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Hoffmann, R. A wiki for the life sciences where authorship matters. Nature Genetics (2008)
 
 
 
 
 

HAX-1, a novel intracellular protein, localized on mitochondria, directly associates with HS1, a substrate of Src family tyrosine kinases.

Cross-linking of the Ag receptors on lymphocytes initiates activation of the receptor-coupled tyrosine kinases. HS1 is one of the substrates of these kinases and has been shown to transduce the signals for both clonal expansion and deletion in lymphoid cells. To gain further insight into the mechanism of action of HS1, we have tried to identify a protein that interacts with HS1 by yeast two-hybrid screening. The isolated cDNA, designated HAX-1, encodes a novel 35-kDa protein. The HAX-1 gene is expressed ubiquitously among tissues, and its protein is localized mainly in mitochondria, but also in endoplasmic reticulum and nuclear envelope in the cell. HS1/ HAX-1 association is confirmed by coimmunoprecipitation of these proteins in the lysates of B lymphoma cells and COS-7 cells transfected with the corresponding cDNA expression vectors. Colocalization of these proteins in the cell is evident under confocal laser scanning microscope. Deletion mutant analysis of these proteins reveals that the association is mediated by the amino terminal region of HS1 and the carboxyl-terminal half of HAX-1. The potential role of the HAX-1/ HS1 complex is discussed.[1]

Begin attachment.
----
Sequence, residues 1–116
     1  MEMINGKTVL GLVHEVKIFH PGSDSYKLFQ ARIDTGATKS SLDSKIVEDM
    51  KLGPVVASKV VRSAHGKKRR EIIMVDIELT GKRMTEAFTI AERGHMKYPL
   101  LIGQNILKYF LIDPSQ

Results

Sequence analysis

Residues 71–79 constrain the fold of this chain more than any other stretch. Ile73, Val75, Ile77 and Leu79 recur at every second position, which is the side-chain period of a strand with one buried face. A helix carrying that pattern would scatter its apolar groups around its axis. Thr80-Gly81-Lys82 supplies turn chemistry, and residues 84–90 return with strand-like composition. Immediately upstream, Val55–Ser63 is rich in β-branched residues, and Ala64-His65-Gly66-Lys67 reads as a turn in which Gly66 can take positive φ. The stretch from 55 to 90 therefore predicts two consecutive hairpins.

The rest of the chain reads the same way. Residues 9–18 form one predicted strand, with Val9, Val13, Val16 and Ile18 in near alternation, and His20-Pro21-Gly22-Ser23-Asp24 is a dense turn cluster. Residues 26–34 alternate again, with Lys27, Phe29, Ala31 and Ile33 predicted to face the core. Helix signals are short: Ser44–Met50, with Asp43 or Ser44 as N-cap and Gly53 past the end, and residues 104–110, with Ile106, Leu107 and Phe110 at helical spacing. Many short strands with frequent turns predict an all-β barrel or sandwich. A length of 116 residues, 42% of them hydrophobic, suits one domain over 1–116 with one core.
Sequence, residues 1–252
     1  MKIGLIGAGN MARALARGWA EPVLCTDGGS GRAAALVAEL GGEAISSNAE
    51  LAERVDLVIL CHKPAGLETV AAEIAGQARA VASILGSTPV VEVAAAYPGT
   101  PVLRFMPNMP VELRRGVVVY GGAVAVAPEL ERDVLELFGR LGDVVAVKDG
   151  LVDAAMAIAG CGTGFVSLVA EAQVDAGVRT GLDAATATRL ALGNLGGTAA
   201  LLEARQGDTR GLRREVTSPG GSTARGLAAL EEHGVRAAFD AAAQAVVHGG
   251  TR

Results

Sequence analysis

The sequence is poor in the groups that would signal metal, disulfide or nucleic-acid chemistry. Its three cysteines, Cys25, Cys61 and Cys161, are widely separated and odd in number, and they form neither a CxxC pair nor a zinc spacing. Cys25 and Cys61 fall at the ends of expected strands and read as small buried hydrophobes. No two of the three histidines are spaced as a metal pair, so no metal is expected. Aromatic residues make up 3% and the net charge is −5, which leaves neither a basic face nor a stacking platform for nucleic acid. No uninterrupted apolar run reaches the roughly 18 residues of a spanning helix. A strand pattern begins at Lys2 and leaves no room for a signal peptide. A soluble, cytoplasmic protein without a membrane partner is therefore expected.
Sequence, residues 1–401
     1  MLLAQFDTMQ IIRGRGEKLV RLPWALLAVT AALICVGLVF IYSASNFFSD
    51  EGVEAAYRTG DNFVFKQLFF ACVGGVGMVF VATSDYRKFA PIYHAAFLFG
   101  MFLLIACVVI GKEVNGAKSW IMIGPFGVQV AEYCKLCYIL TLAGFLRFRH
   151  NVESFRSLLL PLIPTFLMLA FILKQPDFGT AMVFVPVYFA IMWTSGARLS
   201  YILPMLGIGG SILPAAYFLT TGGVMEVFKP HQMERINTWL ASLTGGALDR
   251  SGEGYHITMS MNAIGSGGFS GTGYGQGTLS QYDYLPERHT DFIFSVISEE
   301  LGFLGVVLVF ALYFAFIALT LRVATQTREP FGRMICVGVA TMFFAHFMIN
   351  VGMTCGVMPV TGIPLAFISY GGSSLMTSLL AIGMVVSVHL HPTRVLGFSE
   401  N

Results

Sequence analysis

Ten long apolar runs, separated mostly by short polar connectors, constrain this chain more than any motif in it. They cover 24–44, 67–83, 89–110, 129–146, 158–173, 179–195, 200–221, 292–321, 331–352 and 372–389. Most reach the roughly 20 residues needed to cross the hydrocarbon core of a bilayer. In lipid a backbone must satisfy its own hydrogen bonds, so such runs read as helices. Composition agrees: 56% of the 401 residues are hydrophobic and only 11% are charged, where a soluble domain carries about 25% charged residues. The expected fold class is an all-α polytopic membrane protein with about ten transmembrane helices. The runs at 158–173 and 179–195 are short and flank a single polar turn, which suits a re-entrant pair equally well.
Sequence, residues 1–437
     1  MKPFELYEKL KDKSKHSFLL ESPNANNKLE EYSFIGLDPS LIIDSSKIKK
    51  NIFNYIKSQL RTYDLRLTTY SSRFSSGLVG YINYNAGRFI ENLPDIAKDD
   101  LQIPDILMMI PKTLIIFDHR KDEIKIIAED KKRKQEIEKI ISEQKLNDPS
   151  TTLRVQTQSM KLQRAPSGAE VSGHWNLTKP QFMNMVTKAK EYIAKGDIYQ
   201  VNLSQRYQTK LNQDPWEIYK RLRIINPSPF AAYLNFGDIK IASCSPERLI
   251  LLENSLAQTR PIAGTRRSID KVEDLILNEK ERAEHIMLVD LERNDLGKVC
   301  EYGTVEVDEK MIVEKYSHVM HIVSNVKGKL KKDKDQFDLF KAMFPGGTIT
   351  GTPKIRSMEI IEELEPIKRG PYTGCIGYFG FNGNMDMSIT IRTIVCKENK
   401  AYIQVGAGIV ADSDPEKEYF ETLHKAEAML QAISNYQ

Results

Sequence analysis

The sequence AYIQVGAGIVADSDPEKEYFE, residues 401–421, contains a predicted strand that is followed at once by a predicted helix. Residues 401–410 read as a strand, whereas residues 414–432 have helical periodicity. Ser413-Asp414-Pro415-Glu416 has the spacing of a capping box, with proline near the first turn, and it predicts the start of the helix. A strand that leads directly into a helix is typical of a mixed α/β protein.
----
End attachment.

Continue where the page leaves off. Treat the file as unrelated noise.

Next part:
References

  1. HAX-1, a novel intracellular protein, localized on mitochondria, directly associates with HS1, a substrate of Src family tyrosine kinases. Suzuki, Y., Demoliere, C., Kitamura, D., Takeshita, H., Deuschle, U., Watanabe, T. J. Immunol. (1997) [Pubmed]
 
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